“I Want Your Love” is an unflinchingly honest portrait of gay life. Today, The Sword sits down exclusively for an unflinchingly honest conversation with its star, Jesse Metzger, on everything from fans discussing the size of his dick to him discussing everything else.
The Sword is premiering “Indie Focus Thursday” today where we’ll examine the driving forces in Indie cinema and dive deeper into the independent provocateurs responsible for the films selected for inclusion in NakedSword Film Works (NSFW).
“I Want Your Love” (IWYL) premiered at NakedSword in 2013. Three years hence, how did the universal acclaim and international controversy sparked by the film impact the life and career of its star? As it turns out, in some deep and surprising ways.
The Sword – Jesse, we’re so glad to catch up with you. One thing to sort out as we begin: should we refer to you as Jesse Metzger as credited in the film, or Jesse Hewit?
Jesse Metzger: I’m glad to be caught up with! I guess you should refer to me as Jesse Metzger. This is always a funny quandary, but…for simplicity’s sake … we’ll go with that.
Artistically, is Jesse Metzger a slice of Jesse Hewit that you’ve only been able to express in “IWYL?”
Radley Metzger is a film hero of Travis Mathews’ (the creator, writer and director of “IWYL”), who is famous for making really gorgeous erotic films from the early sixties to the mid-eighties. Travis dubbed me with this name early on in our collaboration together.
How has “IWYL” impacted your career?
“IWYL” happened in a really organic way, where a fellow artist (Travis) approached me about collaborating on his work, which was work that was/is attempting to push at constructs of how we look at sex and sexuality on film, how we look at bodies, and how we negotiate our presentations of self. “IWYL” is a decidedly small and humble film … it’s just a gentle and honest perspective.
From what I can tell, careers are slippery and fussy monsters, so I just try to keep making projects that feel exciting, difficult, and important. If they add up to some kind of career, then great. If not, then I’m pretty content to keep cutting coupons, buying second-hand clothes and the cheapest wines, and letting occasional treats make me feel rich as fuck.
Have you ever been recognized from the movie?
Yes. I work a lot in western Europe and the film played those festival circuits quite a bit. As a result, there was a period of time where I was “recognized” a lot.
Sometimes, people (mostly fags) were really nice and said something quick about liking the project. I just always kind of wonder – because I’m healthily self-obsessed/aware – if they’re saying “oooh he’s cute, that’s cool that we’re seeing him” or if they’re like “oooh his dick wasn’t very big and he was kind of boring.”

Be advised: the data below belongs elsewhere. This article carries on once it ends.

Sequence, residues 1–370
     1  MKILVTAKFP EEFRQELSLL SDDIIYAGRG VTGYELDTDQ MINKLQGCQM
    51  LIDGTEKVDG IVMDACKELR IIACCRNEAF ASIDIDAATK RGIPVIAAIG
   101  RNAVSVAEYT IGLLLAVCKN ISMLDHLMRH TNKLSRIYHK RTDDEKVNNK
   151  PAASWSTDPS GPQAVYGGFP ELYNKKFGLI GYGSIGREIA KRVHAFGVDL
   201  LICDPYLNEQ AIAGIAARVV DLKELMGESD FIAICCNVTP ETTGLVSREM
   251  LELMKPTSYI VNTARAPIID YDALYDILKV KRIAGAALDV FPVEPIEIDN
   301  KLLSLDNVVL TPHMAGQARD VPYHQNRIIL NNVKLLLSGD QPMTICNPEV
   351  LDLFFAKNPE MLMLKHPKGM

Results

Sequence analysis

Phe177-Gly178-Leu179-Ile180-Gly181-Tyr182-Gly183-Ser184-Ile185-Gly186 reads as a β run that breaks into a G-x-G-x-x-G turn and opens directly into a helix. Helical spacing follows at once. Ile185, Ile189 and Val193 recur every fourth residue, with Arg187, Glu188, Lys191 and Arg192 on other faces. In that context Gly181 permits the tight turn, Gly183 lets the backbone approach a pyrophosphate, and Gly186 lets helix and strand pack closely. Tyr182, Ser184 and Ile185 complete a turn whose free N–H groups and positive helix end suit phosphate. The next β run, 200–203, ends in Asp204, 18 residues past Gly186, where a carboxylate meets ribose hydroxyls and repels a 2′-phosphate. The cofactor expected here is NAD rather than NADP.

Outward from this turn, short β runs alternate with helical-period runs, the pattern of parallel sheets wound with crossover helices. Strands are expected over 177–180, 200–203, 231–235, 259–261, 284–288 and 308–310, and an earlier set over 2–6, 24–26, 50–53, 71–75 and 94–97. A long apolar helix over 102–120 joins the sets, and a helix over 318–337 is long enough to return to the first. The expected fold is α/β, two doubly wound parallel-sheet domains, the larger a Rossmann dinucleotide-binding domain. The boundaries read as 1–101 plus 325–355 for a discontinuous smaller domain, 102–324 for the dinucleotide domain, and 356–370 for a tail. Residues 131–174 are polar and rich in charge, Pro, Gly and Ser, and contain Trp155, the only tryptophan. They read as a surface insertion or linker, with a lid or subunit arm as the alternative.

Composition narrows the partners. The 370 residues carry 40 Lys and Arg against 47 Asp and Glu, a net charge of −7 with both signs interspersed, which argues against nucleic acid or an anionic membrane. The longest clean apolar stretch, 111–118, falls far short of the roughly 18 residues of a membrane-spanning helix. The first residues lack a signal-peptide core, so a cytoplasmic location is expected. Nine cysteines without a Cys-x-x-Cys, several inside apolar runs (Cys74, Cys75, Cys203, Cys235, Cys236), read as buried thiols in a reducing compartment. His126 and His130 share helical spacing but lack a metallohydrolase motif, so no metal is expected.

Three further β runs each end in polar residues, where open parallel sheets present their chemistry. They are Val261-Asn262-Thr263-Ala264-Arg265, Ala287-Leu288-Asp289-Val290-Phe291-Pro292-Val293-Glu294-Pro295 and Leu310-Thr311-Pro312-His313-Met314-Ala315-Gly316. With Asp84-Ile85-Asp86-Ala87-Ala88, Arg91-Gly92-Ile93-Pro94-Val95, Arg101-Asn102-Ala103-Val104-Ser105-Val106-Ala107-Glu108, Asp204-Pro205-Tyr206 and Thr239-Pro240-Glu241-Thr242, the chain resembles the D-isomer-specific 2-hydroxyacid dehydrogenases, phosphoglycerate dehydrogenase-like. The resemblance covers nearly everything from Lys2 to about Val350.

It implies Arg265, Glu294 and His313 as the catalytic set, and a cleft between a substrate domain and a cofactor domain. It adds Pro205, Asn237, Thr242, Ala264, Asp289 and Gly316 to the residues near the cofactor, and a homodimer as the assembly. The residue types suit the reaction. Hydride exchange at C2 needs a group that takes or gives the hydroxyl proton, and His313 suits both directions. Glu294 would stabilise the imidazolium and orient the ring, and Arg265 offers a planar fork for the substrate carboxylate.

But I’ve had some really nice conversations with people who recognize me from the movie, and who took something from the movie that was important for them. I’ve had more drinks bought for me than ever before! :)
There are lots of guys who have gotten off to “IWYL.” Did being a part of it impact what you now view as pornographic?
It actually has, because we were challenged so many times to define and categorize the project as EITHER porn or NOT porn. Honestly, this conversation feels super simple to me. What people get off to is such a truly endless array of stuff. Therefore, I’ve decided to think of porn as an exchange, as opposed to a pre-determined thing.
Something becomes my porn if I use it as images for getting off. Therefore, porn could be anything, and also sexual images that are produced for the purpose of getting people off could be easily recontextualized and become very much not porn.
“IWYL” is porn for some people. Brawny paper towel commercials are porn for some people. Watching people eat is porn for some people. What IWYL operates as, porn or not porn, is none of my business.
You had a small part in “Looking.” How did that come about?
“IWYL” Assistant Director Michael Lannan and Andrew Haigh were working with HBO to cast that show, and I was in talks to maybe play the lead. When they went with Jonathan, they just invited me to come to set and do some smaller work on the show, kind of just for fun. Which it was! Michael and Andrew are such sweet guys, and it was really interesting to be on their set.
Who are your favorite filmmakers?
Apichatpong Weerasethakul, A.L Steiner, Jill Soloway, Atom Egoyan, Wong Kar-wai, and I hesitate to say it, but: Lars Von Trier. (just to name a few)
Lastly, what can you tell the “IWYL” fans about your experience filming it that will help them enjoy the movie even more?
“IWYL” is a brief moment in time for a group of people; in the story of the film and in real life. I like when the film is honestly and humbly celebrated as such. I’m very proud to have worked on it. I like it when people understand that IWYL is a labor-of-love project that was cobbled together by a group of friends.
We made this movie because we ALL know (our audiences included) that sex and sexuality are really very multidimensional things, and how they operate in our lives can be so very UN-hot. They can be our survival strategies, our addictions, our masks, our handshakes, our traumas or our triggers, or they can be a thing that we honestly use to just mark the passing of time.
The passing of time has made Jesse Metzger an even more compelling, sexier man. What is your favorite part of “IWYL?”